The Execration texts reveal a significant amount of history from the 20th to 18th centuries BC (1), and thus proves to be rather valuable for the historian interested in the Ancient Near East. It is valuable in the way that this piece allows for the biblical historian to learn about ancient locales chronicled in the Old Testament. The Execration texts, according to Israeli archaeologist Yohanan Aharoni, “reflect the changes that took place in Palestine during the twentieth to nineteenth centuries B.C.” (2).
This comes down to us in a collection of inscriptions inscribed on pottery shards that mention over 30 kings from the period, and around 20 locales within Canaan and Phoenicia. Further inscriptions tells us about bound prisoners in Sagarra, an ancient burial ground discovered in Egypt (2). It is also apparent that the smashing of the Execration pottery and figures was a ritual involved in preparation for Egyptian funerals (3). This would explain why we have them in pieces and fragments.
Although these shards reveal much in the way of Egyptian history, such as Egyptian mythology involving magic that was believed to protect Egypt and the Pharaoh, we are really more interested in their bearing on our Old Testament. For example, some of the Execration texts refer to the people living on both sides of the Jordan River as “su-tu.” It is believed that the su-tu is connected with the “sons of Sheth.” According to the Bible the “children of Sheth” (Numbers 24:17) appear to be in the heat of battle, or threatened with war.
The sons of Sheth are the people who lived in Moab as well as on the borders of the Hebrew lands (4). However, this discovery also provides us with corroboration of several cities within the Old Testament. These cities are corroborated by our Biblical, Execration texts, and archaeological finds, as biblical scholar Thompson explains, these cities “are both reflected in the ‘Execration Texts’ and confirmed in excavations” (7).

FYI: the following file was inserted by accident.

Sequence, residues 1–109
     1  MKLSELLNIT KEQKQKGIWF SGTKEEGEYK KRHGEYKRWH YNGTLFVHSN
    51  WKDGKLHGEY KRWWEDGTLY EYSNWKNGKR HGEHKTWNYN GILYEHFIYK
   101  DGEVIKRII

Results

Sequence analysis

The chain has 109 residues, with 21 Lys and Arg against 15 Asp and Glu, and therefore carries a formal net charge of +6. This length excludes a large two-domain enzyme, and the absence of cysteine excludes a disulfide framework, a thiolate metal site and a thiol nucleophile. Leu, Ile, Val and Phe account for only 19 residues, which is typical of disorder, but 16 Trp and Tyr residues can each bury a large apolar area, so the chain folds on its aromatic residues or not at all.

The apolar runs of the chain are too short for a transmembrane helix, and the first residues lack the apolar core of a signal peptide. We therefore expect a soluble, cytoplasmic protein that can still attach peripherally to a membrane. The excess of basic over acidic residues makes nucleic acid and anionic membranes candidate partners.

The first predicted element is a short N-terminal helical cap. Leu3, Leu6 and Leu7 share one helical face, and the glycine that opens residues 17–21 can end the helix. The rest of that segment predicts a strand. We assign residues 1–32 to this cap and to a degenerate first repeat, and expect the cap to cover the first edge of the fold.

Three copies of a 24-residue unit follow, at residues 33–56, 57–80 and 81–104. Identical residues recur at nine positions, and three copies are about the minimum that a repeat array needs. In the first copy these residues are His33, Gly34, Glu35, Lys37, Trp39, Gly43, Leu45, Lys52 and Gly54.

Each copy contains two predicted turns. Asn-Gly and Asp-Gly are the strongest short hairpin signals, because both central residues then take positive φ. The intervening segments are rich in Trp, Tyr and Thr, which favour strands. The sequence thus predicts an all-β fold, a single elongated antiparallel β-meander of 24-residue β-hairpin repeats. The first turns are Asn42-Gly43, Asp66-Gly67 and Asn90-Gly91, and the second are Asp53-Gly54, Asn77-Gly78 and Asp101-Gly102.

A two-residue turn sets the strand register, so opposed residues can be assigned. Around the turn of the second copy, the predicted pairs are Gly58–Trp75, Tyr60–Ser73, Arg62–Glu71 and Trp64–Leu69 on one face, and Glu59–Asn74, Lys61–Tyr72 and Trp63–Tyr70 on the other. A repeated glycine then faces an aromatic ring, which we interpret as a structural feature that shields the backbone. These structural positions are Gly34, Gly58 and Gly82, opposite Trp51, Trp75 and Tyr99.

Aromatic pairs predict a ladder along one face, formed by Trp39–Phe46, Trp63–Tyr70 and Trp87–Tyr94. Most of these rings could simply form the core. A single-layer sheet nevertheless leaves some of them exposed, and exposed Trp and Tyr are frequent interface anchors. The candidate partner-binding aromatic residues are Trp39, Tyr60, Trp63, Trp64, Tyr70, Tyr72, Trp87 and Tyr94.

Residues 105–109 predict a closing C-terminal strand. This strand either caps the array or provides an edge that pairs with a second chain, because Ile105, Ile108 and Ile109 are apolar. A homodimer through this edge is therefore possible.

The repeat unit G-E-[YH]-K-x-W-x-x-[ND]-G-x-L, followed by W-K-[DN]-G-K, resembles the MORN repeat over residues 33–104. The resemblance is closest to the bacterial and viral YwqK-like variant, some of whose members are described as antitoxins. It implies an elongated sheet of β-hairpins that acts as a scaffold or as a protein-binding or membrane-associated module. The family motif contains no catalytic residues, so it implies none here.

–Aphek (as mentioned in Joshua 12:18; 1 Samuel 4:1, 29:1; 1 Kings 20:26, 20:30; 2 Kings 13:17).
–Liash (as mentioned in Judges 18:1, 18:7, 18:29).
–Ashkelon (Joshua 13:3, 1:18, 14:19; 1 Samuel 6:17).
–Hazor (After its destruction the city was rebuilt as a minor village within “the territory of Naphtali” (5) as in Joshua 19:36).
The following cities are corroborated within both the biblical and Execration texts but have “little or no archaeological remains” (8):
–Shechem (as mentioned in Genesis 12:6, 33:18, 33:19, 37:13, 37:14; Joshua 17:7, 20:7, 21:21, 24:1).
–Jerusalem (as mentioned in the gospels, and Old Testament).
–Rehov (as referred to as the “land of milk and honey” in the Old Testament).
–Achshaph (as mentioned in Joshua 11:1, 12:20, 19:2).
These finds are significant in that one can have some confidence that the Old Testament authors are referring to locations that aren’t figments of their imaginations, but that actually existed in history, and into today. It is this that probably lead scholar William Albright to argue that “There can be no doubt that archaeology has confirmed the substantial historicity of Old Testament tradition” (9).
1. Albright, W. 1942. Studies in the history of culture: the disciplines of the humanities.
2. Aharoni, Y. 1967. The Land of the Bible: A Historical Geography
3. Fernandez, I., Becker, J. & Gillies, S. Places: 796289136 (Saqqarah). Available.
4. Van Dijk, J. 1993. The New Kingdom Necropolis of Memphis.
5. The Biblical Archaeologist. 1997. Egypt and Moab Udo Worschech. p. 229-236.
6. Negev, A., & Gibson, S. 1972. Archaeological Encyclopedia of the Holy Land.
7. Thompson, T. 2014. Biblical Narrative and Palestine’s History: Changing Perspectives 2.
8. Rommel, A. 2015. The Esoteric Codex: Sorcery I.
9. Albright, W. 1942. Archaeology and the Religions of Israel.